Remembering Transplant Pioneer Joseph Murray
At the end of every year, we recall the notable people who have departed our worldly domain. Naturally, most are entertainers, political figures and other luminaries. We should also highlight noted personalities in the sciences. Before the first week of 2013 is past, recall one of the most noted individuals to pass in 2012 – an important figure who hailed from the scientific and medical arena.
Joseph Murray M.D. died on November 26, 2012, and though he may not be a household name, he was one of the most accomplished plastic surgeons in history, and one of the major figures in 20th century medicine.
Dr. Murray was the first surgeon to perform a solid-organ transplant when on December 23, 1954; he transplanted the kidney of Ronald Herrick into his identical-twin brother Richard, who suffered from end-stage renal disease. The procedure ushered in the contemporary era of transplantation, and from this accomplishment Dr. Murray shared the 1990 Nobel Prize in physiology or medicine.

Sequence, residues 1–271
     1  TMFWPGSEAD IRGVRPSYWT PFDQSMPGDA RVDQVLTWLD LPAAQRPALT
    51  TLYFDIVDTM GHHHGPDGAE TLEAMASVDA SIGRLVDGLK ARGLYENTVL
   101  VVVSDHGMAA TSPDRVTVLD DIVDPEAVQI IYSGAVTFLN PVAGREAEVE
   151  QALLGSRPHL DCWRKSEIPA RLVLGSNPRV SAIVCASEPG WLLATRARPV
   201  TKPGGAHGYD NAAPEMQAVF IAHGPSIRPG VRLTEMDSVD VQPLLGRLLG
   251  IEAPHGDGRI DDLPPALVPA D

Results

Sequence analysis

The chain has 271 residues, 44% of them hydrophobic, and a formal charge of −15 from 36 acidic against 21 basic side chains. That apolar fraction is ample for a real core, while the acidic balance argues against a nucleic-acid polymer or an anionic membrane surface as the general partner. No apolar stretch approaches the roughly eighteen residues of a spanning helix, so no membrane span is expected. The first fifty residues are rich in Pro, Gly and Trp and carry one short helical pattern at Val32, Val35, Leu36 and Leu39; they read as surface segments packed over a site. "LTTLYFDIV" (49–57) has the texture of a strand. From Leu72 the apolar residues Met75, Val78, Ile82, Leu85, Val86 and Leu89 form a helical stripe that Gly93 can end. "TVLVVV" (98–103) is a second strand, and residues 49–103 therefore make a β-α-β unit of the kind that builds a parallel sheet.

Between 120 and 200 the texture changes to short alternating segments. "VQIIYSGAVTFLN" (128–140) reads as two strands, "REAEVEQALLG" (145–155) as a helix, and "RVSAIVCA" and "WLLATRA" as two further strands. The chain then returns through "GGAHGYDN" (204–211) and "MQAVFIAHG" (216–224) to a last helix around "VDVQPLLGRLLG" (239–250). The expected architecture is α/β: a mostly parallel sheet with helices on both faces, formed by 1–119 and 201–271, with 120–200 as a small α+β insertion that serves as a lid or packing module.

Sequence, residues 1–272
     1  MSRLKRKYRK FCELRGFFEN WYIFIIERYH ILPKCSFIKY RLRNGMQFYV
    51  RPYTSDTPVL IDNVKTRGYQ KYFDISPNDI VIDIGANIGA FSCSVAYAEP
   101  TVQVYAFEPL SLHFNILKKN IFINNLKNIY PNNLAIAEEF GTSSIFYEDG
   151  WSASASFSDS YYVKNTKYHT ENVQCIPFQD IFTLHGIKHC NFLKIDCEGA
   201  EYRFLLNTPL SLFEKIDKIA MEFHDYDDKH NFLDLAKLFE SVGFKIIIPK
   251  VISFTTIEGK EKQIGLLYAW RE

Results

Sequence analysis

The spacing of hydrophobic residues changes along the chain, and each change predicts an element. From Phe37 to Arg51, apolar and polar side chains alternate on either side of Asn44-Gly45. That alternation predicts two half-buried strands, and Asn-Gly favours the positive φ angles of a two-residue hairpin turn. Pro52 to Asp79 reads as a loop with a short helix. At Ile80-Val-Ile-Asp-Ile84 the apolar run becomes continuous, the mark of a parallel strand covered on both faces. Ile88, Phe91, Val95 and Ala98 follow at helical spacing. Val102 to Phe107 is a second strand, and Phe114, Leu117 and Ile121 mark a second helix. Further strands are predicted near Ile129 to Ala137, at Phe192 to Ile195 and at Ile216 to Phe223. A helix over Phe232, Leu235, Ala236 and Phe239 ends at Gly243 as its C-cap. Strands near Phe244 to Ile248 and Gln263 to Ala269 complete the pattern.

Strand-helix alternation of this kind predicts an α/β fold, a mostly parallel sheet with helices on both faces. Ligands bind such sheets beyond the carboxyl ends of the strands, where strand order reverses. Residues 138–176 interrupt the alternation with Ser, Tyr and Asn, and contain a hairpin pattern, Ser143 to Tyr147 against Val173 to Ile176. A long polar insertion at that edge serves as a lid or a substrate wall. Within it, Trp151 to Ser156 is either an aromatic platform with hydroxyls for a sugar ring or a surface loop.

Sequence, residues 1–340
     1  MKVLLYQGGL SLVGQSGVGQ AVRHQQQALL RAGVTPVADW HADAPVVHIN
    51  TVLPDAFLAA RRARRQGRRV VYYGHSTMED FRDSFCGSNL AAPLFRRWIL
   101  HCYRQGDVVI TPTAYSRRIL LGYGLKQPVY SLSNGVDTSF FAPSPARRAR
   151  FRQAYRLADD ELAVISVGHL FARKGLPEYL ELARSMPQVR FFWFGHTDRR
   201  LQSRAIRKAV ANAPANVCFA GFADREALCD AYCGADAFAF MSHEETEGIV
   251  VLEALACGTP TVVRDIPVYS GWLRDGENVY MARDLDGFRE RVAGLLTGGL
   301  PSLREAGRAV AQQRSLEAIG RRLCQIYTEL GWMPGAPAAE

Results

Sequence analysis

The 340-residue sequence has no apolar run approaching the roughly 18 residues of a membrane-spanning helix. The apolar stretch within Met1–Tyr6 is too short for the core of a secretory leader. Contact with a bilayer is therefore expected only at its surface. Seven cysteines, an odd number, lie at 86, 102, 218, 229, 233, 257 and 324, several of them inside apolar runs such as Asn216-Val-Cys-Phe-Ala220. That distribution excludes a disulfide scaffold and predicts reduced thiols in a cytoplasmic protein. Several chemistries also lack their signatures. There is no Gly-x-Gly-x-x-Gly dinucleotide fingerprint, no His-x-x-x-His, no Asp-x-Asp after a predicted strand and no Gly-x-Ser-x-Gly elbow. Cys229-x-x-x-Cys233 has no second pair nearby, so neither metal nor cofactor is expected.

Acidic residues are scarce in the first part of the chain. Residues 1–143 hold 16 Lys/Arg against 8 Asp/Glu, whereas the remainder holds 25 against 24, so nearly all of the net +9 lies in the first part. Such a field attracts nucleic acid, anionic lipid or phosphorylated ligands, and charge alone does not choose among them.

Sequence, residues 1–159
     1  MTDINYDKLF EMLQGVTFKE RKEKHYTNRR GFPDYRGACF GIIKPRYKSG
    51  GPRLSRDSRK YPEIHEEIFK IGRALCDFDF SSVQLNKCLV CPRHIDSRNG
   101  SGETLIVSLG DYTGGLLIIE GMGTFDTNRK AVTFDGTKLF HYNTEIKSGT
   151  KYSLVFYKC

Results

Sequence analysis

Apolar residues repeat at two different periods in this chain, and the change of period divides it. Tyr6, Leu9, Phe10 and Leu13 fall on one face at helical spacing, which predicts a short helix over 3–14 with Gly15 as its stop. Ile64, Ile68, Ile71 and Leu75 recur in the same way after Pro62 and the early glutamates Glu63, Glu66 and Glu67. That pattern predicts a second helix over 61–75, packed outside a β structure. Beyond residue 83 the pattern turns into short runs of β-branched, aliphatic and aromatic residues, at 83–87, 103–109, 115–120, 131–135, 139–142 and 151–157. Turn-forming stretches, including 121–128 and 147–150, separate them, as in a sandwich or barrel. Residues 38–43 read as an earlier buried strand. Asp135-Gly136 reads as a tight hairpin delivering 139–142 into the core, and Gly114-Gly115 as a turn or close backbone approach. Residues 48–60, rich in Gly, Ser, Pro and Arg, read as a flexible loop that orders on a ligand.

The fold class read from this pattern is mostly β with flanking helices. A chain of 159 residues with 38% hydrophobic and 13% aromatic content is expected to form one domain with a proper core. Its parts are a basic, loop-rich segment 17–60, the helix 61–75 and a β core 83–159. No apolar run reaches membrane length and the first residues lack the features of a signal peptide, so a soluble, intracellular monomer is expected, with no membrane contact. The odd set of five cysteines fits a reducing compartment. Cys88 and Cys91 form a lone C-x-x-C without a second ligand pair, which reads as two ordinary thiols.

Today’s medical world is a bit different from the one in which Dr. Murray came of age and made his mark on medical history. Laypersons may be surprised to learn that a plastic surgeon performed the first kidney transplant. But in that era plastic surgery encompassed a wide domain, and surgeons could develop expertise in their areas of interest. Dr. Murray became interested in transplantation after noting rejection patterns of skin grafts from unrelated donors during his work treating soldiers injured in World War II.
At this time, specialties developed based on advances in physiology allowing work that was previously not feasible. Advances in anesthesia and critical care allowed bigger and bolder interventions to be attempted and accomplished. The first kidney transplant was followed by refinements in technique, a better understanding of immunology, and an expansion of acceptable donor and recipient criteria.
Further advances led to success in liver, heart, heart-lung and other types of transplant procedures. The early kidney procedures involved identical twins, avoiding the problem of organ rejection. While developing the technical aspects of transplant surgery was critical, wider application came from better understanding of transplant immunology, which Dr. Murray helped lead.
Today transplantation of kidneys and other organs is commonplace. That is largely due to the efforts of Dr. Murray and others in this developing field. Science advances one step at a time, and in the field of transplantation many of those steps led to and from the work of Joseph Murray.